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Friday, 13 September 1985
Page: 528


Senator FOREMAN —My question is directed to the Minister for Finance. I refer the Minister to his answer to a question from Senator Cook during Question Time on Tuesday in which the Minister said that a cut in Budget outlays of four percentage points of gross domestic product-a cut apparently supported by the Leader of the Opposition-would require government spending to be cut by more than $8 billion on last year's outlays figure. Can the Minister advise the Senate what effect the abolition of the assets test would have on that figure?


Senator WALSH —On this year's estimates, the abolition of the assets test would add about $136m to government expenditure. I note that although the Opposition habitually calls for welfare payments to be targeted on the needy, it then contradicts that policy by promising to repeal the assets test. Mr Howard, in particular, habitually calls for welfare to be provided on a needs basis. We know, of course, that Mr Valder does not believe that, but unfortunately Mr Valder has been less successful up to date in changing Liberal Party policy than he has been in changing Liberal Party leadership. It is fair to note that the present Leader of the Opposition has equivocated about the assets test. In a television interview last week he was asked about that particular policy-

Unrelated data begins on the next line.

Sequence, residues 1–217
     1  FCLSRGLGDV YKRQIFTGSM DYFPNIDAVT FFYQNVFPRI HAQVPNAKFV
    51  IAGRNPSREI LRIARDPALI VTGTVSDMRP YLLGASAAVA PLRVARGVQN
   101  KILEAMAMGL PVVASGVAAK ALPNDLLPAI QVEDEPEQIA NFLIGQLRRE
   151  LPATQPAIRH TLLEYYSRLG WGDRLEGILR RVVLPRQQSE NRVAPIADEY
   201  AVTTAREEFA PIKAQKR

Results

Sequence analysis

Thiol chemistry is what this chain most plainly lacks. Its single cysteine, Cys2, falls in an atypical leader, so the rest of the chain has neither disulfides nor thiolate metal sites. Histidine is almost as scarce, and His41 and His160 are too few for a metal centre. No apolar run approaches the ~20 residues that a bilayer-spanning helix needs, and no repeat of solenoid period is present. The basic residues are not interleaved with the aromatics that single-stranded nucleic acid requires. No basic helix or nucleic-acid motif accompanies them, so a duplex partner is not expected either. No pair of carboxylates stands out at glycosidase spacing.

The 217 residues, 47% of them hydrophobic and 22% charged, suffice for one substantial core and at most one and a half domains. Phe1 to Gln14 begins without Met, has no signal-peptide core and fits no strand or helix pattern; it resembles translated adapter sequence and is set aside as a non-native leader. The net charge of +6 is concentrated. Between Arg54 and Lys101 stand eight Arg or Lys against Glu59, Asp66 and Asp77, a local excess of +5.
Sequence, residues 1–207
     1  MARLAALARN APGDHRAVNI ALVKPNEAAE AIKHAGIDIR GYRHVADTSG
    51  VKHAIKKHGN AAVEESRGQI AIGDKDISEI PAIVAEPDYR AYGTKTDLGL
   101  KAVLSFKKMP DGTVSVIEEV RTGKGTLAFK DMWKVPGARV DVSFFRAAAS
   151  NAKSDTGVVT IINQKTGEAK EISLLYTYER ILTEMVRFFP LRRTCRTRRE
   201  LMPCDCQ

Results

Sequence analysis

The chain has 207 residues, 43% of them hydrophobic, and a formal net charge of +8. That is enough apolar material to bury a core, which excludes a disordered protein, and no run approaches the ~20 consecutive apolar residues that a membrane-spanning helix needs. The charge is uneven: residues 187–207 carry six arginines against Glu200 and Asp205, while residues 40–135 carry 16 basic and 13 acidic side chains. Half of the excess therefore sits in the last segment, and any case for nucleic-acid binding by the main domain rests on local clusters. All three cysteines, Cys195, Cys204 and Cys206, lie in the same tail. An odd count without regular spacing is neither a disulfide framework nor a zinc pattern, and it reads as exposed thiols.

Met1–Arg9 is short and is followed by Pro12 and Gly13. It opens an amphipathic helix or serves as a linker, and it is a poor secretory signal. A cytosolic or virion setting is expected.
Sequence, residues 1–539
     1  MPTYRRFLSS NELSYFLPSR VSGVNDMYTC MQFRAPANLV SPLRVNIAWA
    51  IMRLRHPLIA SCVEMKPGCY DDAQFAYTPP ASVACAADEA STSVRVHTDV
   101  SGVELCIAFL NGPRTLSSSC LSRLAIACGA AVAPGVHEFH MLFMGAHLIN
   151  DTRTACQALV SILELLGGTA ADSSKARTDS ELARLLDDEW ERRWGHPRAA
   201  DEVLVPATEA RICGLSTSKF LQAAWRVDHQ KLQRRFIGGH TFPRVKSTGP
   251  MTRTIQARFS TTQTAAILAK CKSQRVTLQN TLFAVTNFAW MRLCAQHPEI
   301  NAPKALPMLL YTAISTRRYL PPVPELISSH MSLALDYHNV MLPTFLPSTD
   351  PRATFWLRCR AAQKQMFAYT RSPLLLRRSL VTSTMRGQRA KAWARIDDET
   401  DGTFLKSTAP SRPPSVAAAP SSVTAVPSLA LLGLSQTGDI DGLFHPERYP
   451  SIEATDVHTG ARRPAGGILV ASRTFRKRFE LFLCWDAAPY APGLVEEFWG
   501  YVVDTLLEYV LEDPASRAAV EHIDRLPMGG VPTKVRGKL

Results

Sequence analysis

Senator Messner —Mr Kerin thinks it is unfair and unjust.


Senator WALSH —Which has been enthusiastically and irresponsibly endorsed by Senator Messner, of course. Asked about the Liberal Party promise to abolish the assets test, Mr Howard equivocated by saying that that was a policy which he had inherited. He did not say that he endorsed it. I welcome the equivocation, but what I would really like to see is a rush of honesty to the head by Mr Howard and a prompt repudiation of the irresponsible promises by the former Leader of the Opposition, and Senator Messner, among others, to abolish the assets test. That policy is absolutely incompatible with the other line the Opposition tries to run simultaneously; that is, that welfare spending should be needs based.

By way of a trade-off on the effect on government outlays, the savings from the assets test in this year have provided sufficient money to fund the Government's welfare package in this year's Budget. That welfare package included an increase of $2 a week in the additional benefit for dependent children of pensioners and beneficiaries; a $2 a week increase in family income supplement-that is for the very low income unemployed families; a $10 a week increase in the income test free area for unemployment and sickness beneficiaries; and a $3 a week increase in the single adult unemployment benefit rate. Instead of doing those things, it is quite apparent that, up to date, the Opposition would abolish the assets test and not target any additional assistance at all to those very needy groups I have identified. I trust that Mr Valder and the other faceless men of the Liberal Party will ultimately be as successful at changing Liberal Party policy as they have been at changing Liberal Party leadership.